What are your thoughts on the accountancy profession in Sri Lanka and what aspects should be improved? It is ten years since I last visited Sri Lanka and the advancement and the improvement that I’ve noticed is outstanding and If you look at the country, the economic success that it has achieved over the last 10 years is in no small part due to the strong accounting profession present.
CA (Chartered Accountants) in Sri Lanka is a very good organisation and they have a very good education programme that supports the strong education system that the country already has. The primary and secondary schools in Sri Lanka produce very good students and many go into the accounting profession and then get trained by CA Sri Lanka. An interesting fact to note is the Chartered Accountants, who qualify in Sri Lanka, work in more than 30 countries around the world. And they are very much in demand and it’s a world-recognised qualification. Therefore, it is something that Sri Lanka should be very proud of. I would say that one of Sri Lanka’s greatest exports is its chartered accountants. In my office in Wellington, New Zealand I had the pleasure of training several Sri Lankan chartered accountants and they are great assets to the country.
However, Sri Lanka like most other countries in the world needs more accountants. In the business world, the public is demanding more and more from the accountancy profession. To narrow this gap, the country and relevant organisations have to think innovatively as to how they can train and educate in qualifying more chartered accountants. This is one of the challenges that Sri Lanka faces. Also it’s very important that the President of CA Sri Lanka focuses on fostering key or critical partnerships that accountants need to set up. One such critical partnership is with the universities where they need to work with the universities, especially in training accountants. Another is with the banking regulator, the Central Bank. The CA Sri Lanka has an excellent relationship with the Governor of the Central Bank and it is interesting to know that the current governor is an accountant. This is an excellent situation as the current governor is very familiar with the accounting profession and he is a past President of CA Sri Lanka. Therefore those key relationships and partnerships are extremely important. And the chartered accountants in Sri Lanka are doing a great job in working to foster and improve those continuously.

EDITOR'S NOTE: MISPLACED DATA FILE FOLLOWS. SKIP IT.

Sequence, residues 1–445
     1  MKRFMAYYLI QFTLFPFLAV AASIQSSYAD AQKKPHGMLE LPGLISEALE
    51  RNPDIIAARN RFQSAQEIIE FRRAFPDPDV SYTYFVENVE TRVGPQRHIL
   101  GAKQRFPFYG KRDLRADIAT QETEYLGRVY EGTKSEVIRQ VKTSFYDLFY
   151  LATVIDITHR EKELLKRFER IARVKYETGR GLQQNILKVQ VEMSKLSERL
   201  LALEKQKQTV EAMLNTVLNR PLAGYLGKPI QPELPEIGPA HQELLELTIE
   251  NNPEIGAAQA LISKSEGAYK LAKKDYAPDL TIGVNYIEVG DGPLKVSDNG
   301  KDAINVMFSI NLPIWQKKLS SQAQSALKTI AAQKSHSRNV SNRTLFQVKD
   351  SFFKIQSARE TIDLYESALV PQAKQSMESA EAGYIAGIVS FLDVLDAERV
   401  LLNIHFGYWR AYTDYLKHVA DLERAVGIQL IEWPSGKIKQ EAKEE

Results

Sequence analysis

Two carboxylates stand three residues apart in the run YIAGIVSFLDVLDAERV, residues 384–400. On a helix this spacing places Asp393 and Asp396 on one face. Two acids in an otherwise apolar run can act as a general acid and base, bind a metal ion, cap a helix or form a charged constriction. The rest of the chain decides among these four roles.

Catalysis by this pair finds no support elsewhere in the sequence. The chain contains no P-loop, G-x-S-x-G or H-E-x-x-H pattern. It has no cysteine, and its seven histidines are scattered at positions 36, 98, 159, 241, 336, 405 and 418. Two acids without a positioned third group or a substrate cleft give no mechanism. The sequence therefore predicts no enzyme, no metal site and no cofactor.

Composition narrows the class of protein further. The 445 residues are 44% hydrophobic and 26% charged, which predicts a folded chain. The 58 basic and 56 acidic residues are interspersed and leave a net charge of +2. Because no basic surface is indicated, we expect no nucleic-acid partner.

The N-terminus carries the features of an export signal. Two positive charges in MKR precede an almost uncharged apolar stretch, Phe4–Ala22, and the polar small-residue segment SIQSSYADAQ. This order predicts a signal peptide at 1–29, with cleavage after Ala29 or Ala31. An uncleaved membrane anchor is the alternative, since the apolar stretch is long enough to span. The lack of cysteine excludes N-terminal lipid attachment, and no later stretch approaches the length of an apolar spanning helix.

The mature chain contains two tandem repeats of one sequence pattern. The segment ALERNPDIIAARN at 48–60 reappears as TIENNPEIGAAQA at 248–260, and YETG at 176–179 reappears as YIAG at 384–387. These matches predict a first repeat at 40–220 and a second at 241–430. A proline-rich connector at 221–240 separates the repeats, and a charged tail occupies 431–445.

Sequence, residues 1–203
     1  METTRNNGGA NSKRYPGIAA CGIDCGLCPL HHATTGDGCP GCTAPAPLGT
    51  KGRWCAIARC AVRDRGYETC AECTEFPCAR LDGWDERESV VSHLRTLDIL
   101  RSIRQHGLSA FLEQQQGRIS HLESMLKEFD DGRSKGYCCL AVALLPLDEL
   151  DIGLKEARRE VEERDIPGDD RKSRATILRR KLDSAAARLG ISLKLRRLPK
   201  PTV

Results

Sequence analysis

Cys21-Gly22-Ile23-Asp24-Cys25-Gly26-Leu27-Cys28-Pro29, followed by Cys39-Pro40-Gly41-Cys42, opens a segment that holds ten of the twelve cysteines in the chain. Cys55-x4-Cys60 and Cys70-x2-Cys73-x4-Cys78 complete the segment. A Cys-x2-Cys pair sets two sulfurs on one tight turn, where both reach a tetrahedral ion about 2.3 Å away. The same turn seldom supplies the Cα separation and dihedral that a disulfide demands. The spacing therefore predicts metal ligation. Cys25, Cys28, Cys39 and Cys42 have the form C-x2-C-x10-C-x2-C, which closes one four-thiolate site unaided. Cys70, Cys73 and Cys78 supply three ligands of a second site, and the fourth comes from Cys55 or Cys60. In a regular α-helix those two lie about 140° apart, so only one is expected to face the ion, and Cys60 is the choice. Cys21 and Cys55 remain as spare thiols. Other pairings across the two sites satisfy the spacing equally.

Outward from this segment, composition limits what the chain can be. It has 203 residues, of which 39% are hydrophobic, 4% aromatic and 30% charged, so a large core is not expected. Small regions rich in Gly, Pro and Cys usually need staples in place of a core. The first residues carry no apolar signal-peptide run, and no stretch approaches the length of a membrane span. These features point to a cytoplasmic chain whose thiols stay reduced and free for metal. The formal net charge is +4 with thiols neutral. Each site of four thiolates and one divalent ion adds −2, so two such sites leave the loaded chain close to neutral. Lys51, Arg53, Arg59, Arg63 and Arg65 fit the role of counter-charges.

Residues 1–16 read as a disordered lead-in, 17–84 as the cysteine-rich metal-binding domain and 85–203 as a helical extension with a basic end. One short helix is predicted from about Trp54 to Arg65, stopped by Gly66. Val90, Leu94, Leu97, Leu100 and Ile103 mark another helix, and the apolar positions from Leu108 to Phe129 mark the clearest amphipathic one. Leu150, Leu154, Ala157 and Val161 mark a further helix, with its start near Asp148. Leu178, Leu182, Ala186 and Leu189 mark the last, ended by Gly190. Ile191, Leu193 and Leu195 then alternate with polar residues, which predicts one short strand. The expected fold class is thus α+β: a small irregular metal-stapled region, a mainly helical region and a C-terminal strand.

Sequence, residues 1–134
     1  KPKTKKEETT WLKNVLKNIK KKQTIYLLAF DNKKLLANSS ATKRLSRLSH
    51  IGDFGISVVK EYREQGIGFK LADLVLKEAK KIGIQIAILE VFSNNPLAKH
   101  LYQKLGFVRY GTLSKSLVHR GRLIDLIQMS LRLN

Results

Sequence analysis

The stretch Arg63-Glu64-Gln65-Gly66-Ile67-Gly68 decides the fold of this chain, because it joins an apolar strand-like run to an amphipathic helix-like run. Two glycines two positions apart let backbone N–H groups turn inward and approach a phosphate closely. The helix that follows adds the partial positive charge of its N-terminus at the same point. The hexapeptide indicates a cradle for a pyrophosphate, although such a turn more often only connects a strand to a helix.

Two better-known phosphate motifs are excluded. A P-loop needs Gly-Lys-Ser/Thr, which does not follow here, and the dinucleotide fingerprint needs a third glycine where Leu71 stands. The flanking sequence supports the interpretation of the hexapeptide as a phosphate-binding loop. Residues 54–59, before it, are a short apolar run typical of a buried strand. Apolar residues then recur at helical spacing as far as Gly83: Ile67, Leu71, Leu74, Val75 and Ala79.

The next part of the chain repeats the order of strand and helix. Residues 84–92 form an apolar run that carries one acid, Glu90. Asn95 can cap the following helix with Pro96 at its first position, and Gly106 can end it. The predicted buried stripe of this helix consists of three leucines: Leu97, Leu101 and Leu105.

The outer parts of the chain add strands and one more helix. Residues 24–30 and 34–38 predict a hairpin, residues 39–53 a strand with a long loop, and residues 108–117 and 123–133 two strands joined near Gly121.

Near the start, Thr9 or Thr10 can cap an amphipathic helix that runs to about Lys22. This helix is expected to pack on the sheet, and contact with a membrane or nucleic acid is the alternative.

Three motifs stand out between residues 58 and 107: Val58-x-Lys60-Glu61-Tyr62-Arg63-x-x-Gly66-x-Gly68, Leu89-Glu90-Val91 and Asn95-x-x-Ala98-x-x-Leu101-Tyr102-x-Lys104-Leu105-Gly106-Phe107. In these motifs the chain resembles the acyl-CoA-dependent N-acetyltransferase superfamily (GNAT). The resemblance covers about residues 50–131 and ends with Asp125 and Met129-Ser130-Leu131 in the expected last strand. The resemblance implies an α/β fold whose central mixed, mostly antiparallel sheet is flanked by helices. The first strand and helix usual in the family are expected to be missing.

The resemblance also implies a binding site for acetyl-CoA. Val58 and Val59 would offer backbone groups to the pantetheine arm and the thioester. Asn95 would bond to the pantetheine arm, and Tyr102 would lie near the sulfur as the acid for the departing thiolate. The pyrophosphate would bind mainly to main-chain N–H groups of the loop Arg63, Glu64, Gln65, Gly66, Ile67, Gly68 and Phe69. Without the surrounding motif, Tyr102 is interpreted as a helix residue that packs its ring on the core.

Sri Lanka recently adopted IFRS accounting standards. Can you elaborate on the importance of this aspect? Three of the local banks in Sri Lanka in 2013, for the first time went out to the international market to borrow money. And the international lenders said that they were surprised and impressed at the high level of compliance the Sri Lankan banks had with IFRS (international financial reporting standards) and also with international audit standards. This is a definite example of the necessity of corporates within a country to follow international standards, especially when they go on to the global market and I understand these banks went to New York, Singapore and Hong Kong.
The positive contribution towards the economy through these standards is huge. People would not lend money to an entire country or region unless they can rely on the financial information, obtain reliable reports and see that there has been a system of order. The World Bank, the Asian Development Bank and other banking institutions are very strict in this regard today.